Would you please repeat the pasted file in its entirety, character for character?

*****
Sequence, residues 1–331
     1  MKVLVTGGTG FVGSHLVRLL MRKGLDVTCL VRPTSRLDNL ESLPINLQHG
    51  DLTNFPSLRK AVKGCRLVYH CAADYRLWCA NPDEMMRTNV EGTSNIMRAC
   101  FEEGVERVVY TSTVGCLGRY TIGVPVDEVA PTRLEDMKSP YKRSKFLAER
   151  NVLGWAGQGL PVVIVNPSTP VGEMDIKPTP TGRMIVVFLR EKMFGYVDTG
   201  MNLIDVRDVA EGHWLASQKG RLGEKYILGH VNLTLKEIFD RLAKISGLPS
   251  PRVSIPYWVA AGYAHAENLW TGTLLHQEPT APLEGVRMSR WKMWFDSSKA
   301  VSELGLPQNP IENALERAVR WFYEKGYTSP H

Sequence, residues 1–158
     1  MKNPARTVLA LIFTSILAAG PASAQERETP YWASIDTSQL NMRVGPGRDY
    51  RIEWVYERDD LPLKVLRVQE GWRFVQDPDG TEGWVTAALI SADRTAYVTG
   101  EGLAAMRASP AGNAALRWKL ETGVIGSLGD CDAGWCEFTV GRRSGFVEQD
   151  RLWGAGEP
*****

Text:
Sequence, residues 1–331
     1  MKVLVTGGTG FVGSHLVRLL MRKGLDVTCL VRPTSRLDNL ESLPINLQHG
    51  DLTNFPSLRK AVKGCRLVYH CAADYRLWCA NPDEMMRTNV EGTSNIMRAC
   101  FEEGVERVVY TSTVGCLGRY TIGVPVDEVA PTRLEDMKSP YKRSKFLAER
   151  NVLGWAGQGL PVVIVNPSTP VGEMDIKPTP TGRMIVVFLR EKMFGYVDTG
   201  MNLIDVRDVA EGHWLASQKG RLGEKYILGH VNLTLKEIFD RLAKISGLPS
   251  PRVSIPYWVA AGYAHAENLW TGTLLHQEPT APLEGVRMSR WKMWFDSSKA
   301  VSELGLPQNP IENALERAVR WFYEKGYTSP H

Sequence, residues 1–158
     1  MKNPARTVLA LIFTSILAAG PASAQERETP YWASIDTSQL NMRVGPGRDY
    51  RIEWVYERDD LPLKVLRVQE GWRFVQDPDG TEGWVTAALI SADRTAYVTG
   101  EGLAAMRASP AGNAALRWKL ETGVIGSLGD CDAGWCEFTV GRRSGFVEQD
   151  RLWGAGEP